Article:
Research in our laboratory within the Zilber School of Public Health, Environmental and Occupational Health is concerned with characterizing factors that regulate human exposure to naturally occurring or anthropogenic toxins in water or wastewater. We are particularly interested in understanding how microbial communities affect the concentration, fate and toxicity of harmful chemicals in the aquatic environment. The ultimate goal of this research is to formulate models (either numerical or conceptual) of toxin production, release, and degradation in aquatic ecosystems. Since the diversity of biochemical functions performed by microorganisms is only beginning to be realized, this research is both challenging and intriguing. Currently our research is focused on two project areas.
The environmental fate and toxicity of chemical pollutants is complicated by the large number of potential biological transformations that a chemical may undergo once released into the environment. In some cases the breakdown products may be more harmful than the parent compounds. This appears to be the case for phenyl urea pesticides such as Linuron, Diuron, Triclocarban and related compounds, which are slowly transformed by bacteria to carcinogenic chloroanilines in the environment. All of these compounds, as well as their chloroaniline degradation products have estimated half- lives exceeding 100 days in freshwater and have the potential to bioaccumulate in freshwater organisms. We are investigating how microbial processes control the distribution of these compounds and their toxic end- products in freshwater and freshwater resources including “seafood,” drinking water and groundwater. These transformations are studied in laboratory scale microcosms, in fish bioassays, and in the natural environment through field surveys.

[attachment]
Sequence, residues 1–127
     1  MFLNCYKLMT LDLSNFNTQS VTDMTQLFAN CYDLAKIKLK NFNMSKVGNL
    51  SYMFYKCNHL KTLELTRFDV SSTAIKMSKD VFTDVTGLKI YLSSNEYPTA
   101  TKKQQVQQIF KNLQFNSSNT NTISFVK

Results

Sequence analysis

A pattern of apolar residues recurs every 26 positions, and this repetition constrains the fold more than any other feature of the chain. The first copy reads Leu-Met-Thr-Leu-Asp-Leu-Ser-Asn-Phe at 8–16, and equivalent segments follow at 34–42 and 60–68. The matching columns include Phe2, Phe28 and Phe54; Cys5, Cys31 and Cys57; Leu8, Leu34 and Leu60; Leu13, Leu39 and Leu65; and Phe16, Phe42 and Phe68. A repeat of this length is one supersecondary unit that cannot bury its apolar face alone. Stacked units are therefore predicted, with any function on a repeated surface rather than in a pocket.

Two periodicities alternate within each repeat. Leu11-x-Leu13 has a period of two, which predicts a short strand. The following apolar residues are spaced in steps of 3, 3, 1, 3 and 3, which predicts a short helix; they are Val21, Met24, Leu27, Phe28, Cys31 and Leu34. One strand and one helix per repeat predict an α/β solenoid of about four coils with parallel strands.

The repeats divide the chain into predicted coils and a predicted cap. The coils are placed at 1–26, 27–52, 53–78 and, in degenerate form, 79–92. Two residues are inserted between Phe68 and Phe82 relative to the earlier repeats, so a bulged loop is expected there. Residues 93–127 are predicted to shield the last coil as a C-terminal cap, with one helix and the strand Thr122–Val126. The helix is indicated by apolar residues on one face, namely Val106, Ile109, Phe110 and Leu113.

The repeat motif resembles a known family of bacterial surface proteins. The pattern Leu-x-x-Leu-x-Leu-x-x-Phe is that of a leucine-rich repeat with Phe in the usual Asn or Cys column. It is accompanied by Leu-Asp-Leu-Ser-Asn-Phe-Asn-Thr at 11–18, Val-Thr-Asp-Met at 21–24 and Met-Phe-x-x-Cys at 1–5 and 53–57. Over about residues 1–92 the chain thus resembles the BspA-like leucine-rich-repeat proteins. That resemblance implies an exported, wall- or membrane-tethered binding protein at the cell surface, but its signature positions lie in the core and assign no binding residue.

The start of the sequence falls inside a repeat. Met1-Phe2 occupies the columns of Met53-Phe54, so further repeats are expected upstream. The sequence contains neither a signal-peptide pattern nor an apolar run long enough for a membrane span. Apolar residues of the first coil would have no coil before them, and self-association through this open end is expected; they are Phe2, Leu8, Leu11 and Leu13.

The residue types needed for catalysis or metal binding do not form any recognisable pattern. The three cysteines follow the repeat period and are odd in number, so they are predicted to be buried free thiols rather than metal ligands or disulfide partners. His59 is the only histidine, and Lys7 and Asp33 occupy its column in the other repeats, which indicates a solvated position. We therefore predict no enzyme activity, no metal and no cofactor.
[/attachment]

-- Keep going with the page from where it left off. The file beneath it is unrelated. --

Freshwater harmful algal blooms.Recurrent nuisance and/or toxic algal blooms are a consistent problem in eutrophic lakes, rivers and coastal oceans. In recreational eutrophic lakes hepatotoxins and neurotoxins produced by cyanobacteria are an ongoing threat to public health. Beaches in many regions are monitored and closed by local health authorities when problems are suspected. However, despite these closings acute illnesses of swimmers are still reported. This illustrates the need for better monitoring methods and greater understanding of factors controlling human exposure to toxins. Our research is directed at understanding cyanobacterial toxin dynamics in lakes relative to the molecular ecology of cyanobacteria. We are also developing new autonomous monitoring systems for cyanobacteria and their toxins based on sensor-equipped buoy platforms. Finally, we are developing models of cyanobacterial growth and toxin production, which we hope will aid in reducing human exposure to algal toxins.